We were all huddled up on the couch watching the best show on television, Celebrity Rehab, when there was an ominous, bass-y "wubba wubba" sound, which we knew from experience is some kind of problem on the power lines, as interpreted by the computer's subwoofer. As I went one way to turn the computer off, Hannah went the other to find that there was billowing smoke out in the yard, which soon turned into billowing fire; a powerline in front of the house had snapped and was lying on the ground, sparking and flaming in various places. The fire department said they'd be here someday but it wasn't as if we had the only fire in town, but once they were able to get some people here they dutifully deployed orange traffic cones and watched the fire burn out. As the air was filled with smoke and we expected to lose power at any time, we drove out of the neighborhood the long way, the main route being closed, and headed to the Panera along with a number of other refugees squatting in booths and nursing a non-bottomless cup of coffee. When we got back, things were no better or worse; though the main fire was now out, there was now a dangling wire that put out a hell of a flame every so often when it arced to the ground, and the branches in the wires across the street were smoking nicely and occasionally lighting up.
As we sit here, there's still power, and a very nice woman from National Grid is sitting in a truck outside until someone else comes along who can actually fix the problems. And it's like this across several counties, with a couple of hundred thousand people out of power entirely.
The weird thing about ice storms is that they're incredibly beautiful – it's like the world was suddenly coated in glass, and when the sun comes out everything shines like an imaginary crystal world. And then a giant ice-coated limb smashes through your roof or your car and all that pretty doesn't count for much.
If the power stays on, it's Buffy marathon night. No reason, it just is.
Update: Saturday morning. Buffy marathon, successful. National Grid's person watching the wire, still out there.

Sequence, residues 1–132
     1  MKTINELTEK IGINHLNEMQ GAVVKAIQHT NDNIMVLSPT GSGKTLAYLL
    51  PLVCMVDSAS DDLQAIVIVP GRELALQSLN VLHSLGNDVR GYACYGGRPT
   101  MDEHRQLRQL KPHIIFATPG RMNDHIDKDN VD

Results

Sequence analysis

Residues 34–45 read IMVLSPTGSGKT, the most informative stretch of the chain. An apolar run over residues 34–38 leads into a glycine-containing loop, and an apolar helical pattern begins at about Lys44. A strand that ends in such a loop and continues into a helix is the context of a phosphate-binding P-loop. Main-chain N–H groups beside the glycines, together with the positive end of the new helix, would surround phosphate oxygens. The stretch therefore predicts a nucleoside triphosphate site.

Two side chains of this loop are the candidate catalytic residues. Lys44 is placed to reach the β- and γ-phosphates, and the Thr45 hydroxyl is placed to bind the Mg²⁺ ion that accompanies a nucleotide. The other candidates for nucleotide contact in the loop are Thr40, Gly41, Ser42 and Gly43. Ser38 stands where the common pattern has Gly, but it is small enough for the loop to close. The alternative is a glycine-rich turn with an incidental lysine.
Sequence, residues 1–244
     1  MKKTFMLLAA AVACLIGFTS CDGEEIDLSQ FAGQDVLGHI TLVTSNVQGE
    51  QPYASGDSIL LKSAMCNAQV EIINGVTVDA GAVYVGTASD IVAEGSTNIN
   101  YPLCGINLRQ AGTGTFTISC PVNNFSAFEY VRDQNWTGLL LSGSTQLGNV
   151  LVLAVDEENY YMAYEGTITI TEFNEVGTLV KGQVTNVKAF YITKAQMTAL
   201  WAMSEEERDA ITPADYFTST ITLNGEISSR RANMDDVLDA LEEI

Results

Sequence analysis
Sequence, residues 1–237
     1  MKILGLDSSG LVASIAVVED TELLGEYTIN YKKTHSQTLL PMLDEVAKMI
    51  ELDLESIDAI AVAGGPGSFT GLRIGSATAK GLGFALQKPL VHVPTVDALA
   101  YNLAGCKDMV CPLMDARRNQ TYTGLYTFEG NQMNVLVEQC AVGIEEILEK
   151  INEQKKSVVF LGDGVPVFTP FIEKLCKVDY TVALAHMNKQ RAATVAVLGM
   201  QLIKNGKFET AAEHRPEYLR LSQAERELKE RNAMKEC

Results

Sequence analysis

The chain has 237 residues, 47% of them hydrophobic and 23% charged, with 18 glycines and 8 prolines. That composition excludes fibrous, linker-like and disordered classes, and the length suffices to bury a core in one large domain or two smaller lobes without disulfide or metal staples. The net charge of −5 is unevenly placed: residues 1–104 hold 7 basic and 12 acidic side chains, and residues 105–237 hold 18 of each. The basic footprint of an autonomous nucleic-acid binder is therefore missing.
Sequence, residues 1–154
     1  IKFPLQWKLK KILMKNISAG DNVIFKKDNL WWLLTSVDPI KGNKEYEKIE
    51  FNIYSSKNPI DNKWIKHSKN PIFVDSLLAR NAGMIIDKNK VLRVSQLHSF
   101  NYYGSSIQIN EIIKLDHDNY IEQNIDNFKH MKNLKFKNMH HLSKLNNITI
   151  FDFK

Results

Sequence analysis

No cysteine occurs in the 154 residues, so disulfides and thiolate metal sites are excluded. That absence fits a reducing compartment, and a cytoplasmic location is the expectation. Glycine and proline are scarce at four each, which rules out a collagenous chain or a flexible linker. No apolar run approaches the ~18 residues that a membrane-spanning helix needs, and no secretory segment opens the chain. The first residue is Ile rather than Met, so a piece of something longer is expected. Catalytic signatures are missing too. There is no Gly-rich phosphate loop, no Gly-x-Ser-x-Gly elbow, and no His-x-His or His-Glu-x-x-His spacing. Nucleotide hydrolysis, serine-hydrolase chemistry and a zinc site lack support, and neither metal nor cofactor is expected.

If you're unfamiliar with Los Straitjackets, I highly recommend a visit to the Yep Roc Records site, where you can find them along with The Fleshtones, Nick Lowe, and other brilliant visionary musicians. And if you're unfamiliar with The Ventures, I can't be seen talking to you.
- Seventh-grade band/chorus concert
- High school orchestra concert
- Dance performance in Hudson
- Many Nutcracker rehearsals, two Nutcracker shows
- Various Girl Scout events
- Two birthday parties, including a sleepover
- First Night performance
- A holiday pops concert
- Christmas, twice, because it falls on Thursday this year and the extended family wants to push it off to the weekend.
- Shopping, which is nearly entirely on-line.
- Killing mice that have come in to get warm (but that's just a bonus).
Things were certainly different when we were kids. Of course, no one had cellphones, and I knew no one who had their own phone line. The whole house had one phone. Our parents only had the vaguest idea of where we were at any given moment, and if they didn't express enough interest to find out, we weren't going out of our way to tell them. If something came up and you couldn't borrow the use of a phone at a friend's house, there were payphones everywhere. Now on the occasion when we're short a cellphone for our disjointed family activities, you can't count on somebody getting to a payphone; they've disappeared.
It's not even that long ago that computers didn't have wireless, and the only way to get in touch with the world when you were traveling was to carry phone cords and plug your laptop into a telephone somewhere. Since webmail hadn't been mastered yet, I remember anxious minutes sitting at a particular kiosk of payphones at National Airport, the ones that had data ports, waiting for my laptop to dial the home office and download, at excruciatingly slow speed, my email. Then I would have to sift through it, write quick responses, and then reconnect to send it all. The whole system worked about, I'd say, 13% of the time (which created great frustration at carrying around a 7-pound electronic brick) so I'm not complaining about progress, mind you. I'm just saying I can see the day when I turn into the elder generation and stop trying to figure it all out, and just start slamming buttons and yelling at devices before going on a rant about how in the old days a call cost a dime and you could actually hear the person on the other end. And that day is coming soon.